With the adoption of ironworking at the end of the 8th century BCE, the peoples of southern France possessed a precious tool for producing tools, jewelry and weapons. However, even though we have found many iron objects, we know very little about the structure of production for these pieces prior to the Late Iron Age. The same is true for ceramics – they were produced locally, as we can see from their shapes and decorations, and without the use of a potter's wheel, and a great many have been found in domestic contexts and in graves, but very few facilities for production and firing are known.
The residents of Lattara, like other indigenous communities in southern France, probably produced most of the objects they neededwithin the household. These were complemented by imported items that they obtained from Mediterranean traders. This is why it is difficult to imagineany real crafts developing in the town in the first few centuries of its existence. Domestically-produced objects included tools, jewelry and ceramics. A few traces of bronze working and iron slag found in certain houses attest to such activities.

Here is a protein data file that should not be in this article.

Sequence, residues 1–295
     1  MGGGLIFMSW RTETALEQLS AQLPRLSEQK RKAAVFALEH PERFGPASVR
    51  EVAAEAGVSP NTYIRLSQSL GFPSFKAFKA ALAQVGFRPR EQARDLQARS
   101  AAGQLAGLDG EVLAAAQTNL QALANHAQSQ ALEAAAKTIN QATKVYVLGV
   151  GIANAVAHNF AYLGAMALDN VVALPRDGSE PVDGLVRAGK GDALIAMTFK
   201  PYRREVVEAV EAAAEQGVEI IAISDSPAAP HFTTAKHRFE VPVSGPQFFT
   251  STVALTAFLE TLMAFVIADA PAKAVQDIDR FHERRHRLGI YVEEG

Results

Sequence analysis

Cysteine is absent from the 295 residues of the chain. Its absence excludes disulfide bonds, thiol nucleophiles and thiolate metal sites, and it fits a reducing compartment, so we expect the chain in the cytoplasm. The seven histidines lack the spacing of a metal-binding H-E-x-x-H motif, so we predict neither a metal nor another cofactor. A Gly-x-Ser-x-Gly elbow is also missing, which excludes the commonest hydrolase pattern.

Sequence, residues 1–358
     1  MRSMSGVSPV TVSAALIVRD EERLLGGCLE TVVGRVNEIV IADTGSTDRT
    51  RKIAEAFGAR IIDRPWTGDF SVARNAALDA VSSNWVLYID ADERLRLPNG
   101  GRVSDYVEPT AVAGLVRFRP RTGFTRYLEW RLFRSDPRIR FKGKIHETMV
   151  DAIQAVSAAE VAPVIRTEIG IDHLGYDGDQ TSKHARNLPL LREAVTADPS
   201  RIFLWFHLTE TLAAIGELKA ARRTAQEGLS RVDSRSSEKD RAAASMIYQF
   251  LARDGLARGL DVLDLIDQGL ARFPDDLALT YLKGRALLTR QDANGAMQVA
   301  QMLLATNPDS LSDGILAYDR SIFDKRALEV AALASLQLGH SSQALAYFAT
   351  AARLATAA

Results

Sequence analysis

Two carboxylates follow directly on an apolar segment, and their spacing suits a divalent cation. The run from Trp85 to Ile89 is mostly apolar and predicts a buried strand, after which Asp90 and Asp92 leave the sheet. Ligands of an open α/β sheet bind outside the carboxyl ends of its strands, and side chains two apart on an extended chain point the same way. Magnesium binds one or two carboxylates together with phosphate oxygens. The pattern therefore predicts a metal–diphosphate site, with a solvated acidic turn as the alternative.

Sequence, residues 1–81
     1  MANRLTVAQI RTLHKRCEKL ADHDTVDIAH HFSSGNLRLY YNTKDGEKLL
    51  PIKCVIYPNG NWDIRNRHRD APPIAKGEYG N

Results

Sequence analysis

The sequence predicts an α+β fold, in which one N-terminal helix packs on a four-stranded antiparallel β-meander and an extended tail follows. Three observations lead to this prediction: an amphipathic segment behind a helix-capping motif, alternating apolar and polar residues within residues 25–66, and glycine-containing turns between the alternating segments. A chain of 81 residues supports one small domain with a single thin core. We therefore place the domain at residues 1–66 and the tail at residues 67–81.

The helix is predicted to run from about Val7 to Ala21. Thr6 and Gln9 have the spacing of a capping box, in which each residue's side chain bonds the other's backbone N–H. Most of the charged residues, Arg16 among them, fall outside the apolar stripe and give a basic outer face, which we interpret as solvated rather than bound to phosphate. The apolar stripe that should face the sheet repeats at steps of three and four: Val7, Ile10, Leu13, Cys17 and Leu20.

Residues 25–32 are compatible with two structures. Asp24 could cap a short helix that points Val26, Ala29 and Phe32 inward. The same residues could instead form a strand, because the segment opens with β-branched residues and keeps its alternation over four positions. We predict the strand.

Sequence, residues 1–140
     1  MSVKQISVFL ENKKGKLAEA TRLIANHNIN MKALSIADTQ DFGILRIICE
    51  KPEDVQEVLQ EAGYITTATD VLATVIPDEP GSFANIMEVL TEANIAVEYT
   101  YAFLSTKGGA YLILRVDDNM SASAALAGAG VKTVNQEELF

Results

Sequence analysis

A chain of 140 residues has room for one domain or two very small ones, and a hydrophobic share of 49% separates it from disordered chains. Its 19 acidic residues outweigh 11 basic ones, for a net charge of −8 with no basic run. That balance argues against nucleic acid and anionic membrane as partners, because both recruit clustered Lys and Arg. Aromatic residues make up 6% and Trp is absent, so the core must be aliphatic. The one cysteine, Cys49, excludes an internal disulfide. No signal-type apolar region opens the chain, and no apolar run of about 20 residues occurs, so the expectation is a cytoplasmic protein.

We know of no installations for producing ceramics at Lattes. Nevertheless, the discovery of wheel-thrown ceramics tells us that there was local pottery production. Other traces found in the town also confirm the existence of craftspersons specialized in working with wood, hides, cloth, etc.